Marketing Books by marketing gurus
Creating Rainmakers: The managers guide to training professionals to attract new clients -Ford Harding
A textbook for business development. It includes a number of unusual ground breaking concepts to help you and your sales staff become rainmakers, people who generate high levels of profits for your firm. Harding dispels numerous business development myths and describes common mistakes made by sales and marketing managers. This book is the bible of lead generation.
Don’t Send a Resume: And other contrarian rules to land a job– Jeffrey J. Fox
Jeffrey wasn’t thinking of marketing your business when he wrote this book, just of ways to get attention as a job applicant. But his approach used as a marketing strategy, can produce astounding results. Jeffrey maps out his guerilla approach to getting a job and it turns out it works just as well for growing your business. Short and sweet.
Designing Web Usability: The practice of simplicity– Jakob Nielsen
This easy to understand book is packed with ideas on how to build web sites to achieve your communication objectives. Don’t expect to find out how to design the latest cool feature; instead, this book uses research and Nielsen’s well-founded insights to explain what works. Designing web sites is easy. Designing web sites that move people to the action you want them to take isn’t. Anyone who has a web site, and especially people who design them should keep this book next to their computer.
Getting Everything You Can Out of All You’ve Got: 21 ways you can out-think, out-perform, out earn the competition– Jay Abraham
Abraham is a marketing genius and one of the great marketing thinkers of all time. As you can tell from his title, Jay is inclined to hype, but beneath this is sound advice. Jay focuses on the big ideas which can dramatically increase your profitability. Provocative and content rich. Lots of great stories to stimulate your own business development thinking. A veritable gold mine for any business leader or owner.
How Customers Think: Essential insights into the mind of the market – Gerald Zlatman
What are your customers thinking? Most firms don’t know, as evidenced by the fact that 80% of new products fail in the first six months. Harvard professor Zaltman shows you how to understand your own predispositions and biases as compared to how the minds and memories of consumers work. A clever book full of insights you can apply to your marketing. You’ll need to read it carefully and use your imagination to get the most out of this book, but if you do, your marketing will be light years ahead of your competitions’.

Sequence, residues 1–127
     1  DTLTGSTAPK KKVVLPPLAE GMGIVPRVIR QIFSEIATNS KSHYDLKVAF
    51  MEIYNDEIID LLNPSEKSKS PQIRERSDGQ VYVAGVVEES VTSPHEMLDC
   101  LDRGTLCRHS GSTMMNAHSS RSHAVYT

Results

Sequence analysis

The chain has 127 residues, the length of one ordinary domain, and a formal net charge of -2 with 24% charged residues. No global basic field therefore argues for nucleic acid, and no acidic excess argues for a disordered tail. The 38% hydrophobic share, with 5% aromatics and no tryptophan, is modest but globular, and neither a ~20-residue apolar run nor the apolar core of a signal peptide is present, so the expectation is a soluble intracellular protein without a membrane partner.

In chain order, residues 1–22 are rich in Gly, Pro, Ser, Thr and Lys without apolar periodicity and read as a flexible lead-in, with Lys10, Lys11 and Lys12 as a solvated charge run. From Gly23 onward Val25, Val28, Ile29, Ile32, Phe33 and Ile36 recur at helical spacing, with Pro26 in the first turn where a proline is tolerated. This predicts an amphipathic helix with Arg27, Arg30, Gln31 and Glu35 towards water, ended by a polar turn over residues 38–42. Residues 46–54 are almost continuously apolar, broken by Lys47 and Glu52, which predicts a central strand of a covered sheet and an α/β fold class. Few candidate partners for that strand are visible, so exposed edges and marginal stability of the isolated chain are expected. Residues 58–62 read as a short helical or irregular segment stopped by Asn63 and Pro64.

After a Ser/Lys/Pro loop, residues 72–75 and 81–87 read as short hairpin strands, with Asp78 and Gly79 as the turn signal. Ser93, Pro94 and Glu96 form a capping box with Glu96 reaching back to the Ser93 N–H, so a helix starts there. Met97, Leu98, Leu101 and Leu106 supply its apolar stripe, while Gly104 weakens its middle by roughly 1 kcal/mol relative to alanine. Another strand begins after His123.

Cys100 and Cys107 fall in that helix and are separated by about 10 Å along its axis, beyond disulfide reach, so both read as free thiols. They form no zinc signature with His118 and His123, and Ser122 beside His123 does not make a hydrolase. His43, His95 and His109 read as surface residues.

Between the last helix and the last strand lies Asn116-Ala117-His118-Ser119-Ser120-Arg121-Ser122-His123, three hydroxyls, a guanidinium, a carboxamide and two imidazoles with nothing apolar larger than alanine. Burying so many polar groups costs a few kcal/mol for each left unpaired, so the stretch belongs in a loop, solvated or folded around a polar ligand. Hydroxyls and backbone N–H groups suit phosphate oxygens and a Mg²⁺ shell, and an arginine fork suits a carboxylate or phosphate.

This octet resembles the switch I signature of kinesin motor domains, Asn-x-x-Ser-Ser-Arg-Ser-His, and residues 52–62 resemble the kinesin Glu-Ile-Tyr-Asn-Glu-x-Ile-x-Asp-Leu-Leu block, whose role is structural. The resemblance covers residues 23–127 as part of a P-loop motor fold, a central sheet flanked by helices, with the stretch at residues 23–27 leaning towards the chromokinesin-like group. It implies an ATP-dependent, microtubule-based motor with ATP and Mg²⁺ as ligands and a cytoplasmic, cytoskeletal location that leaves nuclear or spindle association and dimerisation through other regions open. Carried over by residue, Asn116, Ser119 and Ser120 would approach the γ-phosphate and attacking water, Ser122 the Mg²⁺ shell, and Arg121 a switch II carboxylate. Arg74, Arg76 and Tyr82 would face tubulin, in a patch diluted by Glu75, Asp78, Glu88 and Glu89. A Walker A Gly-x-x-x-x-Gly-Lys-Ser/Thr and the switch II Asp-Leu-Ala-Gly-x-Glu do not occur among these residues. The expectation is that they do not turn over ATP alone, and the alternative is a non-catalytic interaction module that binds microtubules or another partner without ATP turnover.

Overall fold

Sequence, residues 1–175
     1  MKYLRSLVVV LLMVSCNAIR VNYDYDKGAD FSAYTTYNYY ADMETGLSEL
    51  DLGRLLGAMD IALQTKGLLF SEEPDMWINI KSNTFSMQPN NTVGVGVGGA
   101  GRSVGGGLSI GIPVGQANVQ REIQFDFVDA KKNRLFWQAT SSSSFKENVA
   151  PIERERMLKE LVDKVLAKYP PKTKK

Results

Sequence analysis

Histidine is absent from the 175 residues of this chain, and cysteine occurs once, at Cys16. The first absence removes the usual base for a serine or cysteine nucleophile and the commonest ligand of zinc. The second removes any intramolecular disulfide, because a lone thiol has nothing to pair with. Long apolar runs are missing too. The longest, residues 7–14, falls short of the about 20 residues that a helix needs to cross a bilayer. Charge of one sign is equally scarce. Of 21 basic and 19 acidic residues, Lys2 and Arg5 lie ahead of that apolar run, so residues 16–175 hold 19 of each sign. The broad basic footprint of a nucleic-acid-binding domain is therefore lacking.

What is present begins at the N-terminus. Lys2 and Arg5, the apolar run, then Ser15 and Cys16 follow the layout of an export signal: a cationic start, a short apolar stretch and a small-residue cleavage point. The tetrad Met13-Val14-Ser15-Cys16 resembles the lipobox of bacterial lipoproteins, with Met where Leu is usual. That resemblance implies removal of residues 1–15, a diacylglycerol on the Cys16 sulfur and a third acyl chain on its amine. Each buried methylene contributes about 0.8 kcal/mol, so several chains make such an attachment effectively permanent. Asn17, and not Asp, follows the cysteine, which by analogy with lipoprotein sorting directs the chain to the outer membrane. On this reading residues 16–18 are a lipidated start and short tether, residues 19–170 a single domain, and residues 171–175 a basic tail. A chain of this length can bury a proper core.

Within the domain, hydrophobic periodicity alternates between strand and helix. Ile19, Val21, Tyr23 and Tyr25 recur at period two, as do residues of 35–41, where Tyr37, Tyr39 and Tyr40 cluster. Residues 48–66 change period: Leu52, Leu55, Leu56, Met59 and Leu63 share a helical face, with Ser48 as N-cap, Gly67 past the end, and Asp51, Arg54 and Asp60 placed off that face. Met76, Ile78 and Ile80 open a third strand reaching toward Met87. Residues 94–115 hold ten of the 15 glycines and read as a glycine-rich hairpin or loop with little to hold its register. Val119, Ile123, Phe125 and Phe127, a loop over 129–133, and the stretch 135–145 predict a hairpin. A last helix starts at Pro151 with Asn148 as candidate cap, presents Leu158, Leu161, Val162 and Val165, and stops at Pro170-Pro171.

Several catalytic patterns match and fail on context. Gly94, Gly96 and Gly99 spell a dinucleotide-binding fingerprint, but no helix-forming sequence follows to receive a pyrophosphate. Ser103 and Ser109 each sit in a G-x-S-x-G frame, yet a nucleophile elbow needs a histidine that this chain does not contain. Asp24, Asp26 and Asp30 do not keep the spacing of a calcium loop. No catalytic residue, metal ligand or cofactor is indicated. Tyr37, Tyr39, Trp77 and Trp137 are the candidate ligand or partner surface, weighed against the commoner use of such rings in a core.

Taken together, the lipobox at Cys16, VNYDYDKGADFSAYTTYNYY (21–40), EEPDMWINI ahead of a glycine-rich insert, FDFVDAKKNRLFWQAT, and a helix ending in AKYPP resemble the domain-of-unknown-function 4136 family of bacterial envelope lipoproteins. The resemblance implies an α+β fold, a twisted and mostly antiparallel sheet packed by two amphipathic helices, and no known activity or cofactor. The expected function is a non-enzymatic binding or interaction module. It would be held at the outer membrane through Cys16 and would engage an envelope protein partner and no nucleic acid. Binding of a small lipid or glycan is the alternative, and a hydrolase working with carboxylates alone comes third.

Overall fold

Books on Creativity – Keep new ideas flowing to stay ahead
– Michael Michalko
A practical guide to stimulate creative thinking and problem solving. Full of exercises to use for brainstorming with your staff or your clients. Includes over a hundred innovative tools that any business person can use to solve problems and come up with new ideas. Read a few pages every day, and try one of the exercises once a week to keep your creative ideas flowing.
A Whack on the Side of the Head- How you can be more creative – Roger Von Oech
32 “whacks” or eye-opening exercises to spur creative thinking and help you see problems from a new perspective. Roger identifies ten barriers to creative thinking, including”the right answer, that’s not logical, follow the rules, be practical, play is frivolous, that’s not my area, avoid ambiguity, don’t be foolish, to err is wrong, and I’m not creative”. A chapter on each helps you unlock your and your colleagues’ creativity. These ideas are useful whether you’re in business or in school.
Weird Ideas that Work: 11 1/2 practices for Promoting, Managing and Sustaining Innovation – Robert Sutton
You might think Robert is nuts until you discover that this Stanford professor is describing ideas from real-life case studies. This book will turn many of your stereotypes of what works on their heads. Sutton’s ideas are unorthodox and thought provoking. No ivory tower theories here, but actual examples pulled from companies like Handspring, 3M and IDEO. Weird? Maybe. Practical? Definitely.
Why Didn’t I Think Of That? Think the unthinkable and achieve creative genius – Charles W. McCoy Jr.
Instead of using a band aid approach to problem solving, McCoy shows how to apply systems thinking to increase creativity. This engaging book is full of anecdotes and addresses issues of perception, concentration, high-level thinking, a systematic approach, imagination, intuition, empathy, and anticipation. Use McCoy’s systematic approach to creativity to become a top quality thinker. A fun read too.
More Marketing Books and Newsletters – To Be Reviewed
The 12 Month Millionaire
By Vincent James
Why We Buy
By Paco Underhill
Words that Sell
By Richard Bayan
By Harv Eker
Become the Obvious Expert
By Elsom Eldridge, Jr
Little Red Book of Selling
By Jeffrey Gitomer
How Millionaires Stay Rich Forever
By J.M. Trippon
Never Run Out of Cash
By Philip Campbell
1001 Ideas to Create Retail Excitement
By Edgar Falk
Ultimate Guide to Direct Marketing
By Al Lautenslager
Guerilla Marketing In 30 Days
By Al Lautenslager
Sales Question that Close the Sale
By Charles Brennan
By Jack Ferreri
Your Marketing Sucks
By Mark Stevens
Negotiate Your Way to Riches
By Peter Wink
Phrases that Sell
By Edward Werz and Sally Germain
Selling to Big Companies
By Jill Konrath
Emergency Cash Generators
Landing Page Handbook
By Marketing Sherpa
The Ultimate Success Secret
By Dan Kennedy
By Ankesh Kothari
The Online Marketing Letter
By Jonathan Mizel
List and Traffic
By Jimmy Brown
By Tom Spinks
Target Marketing Magazine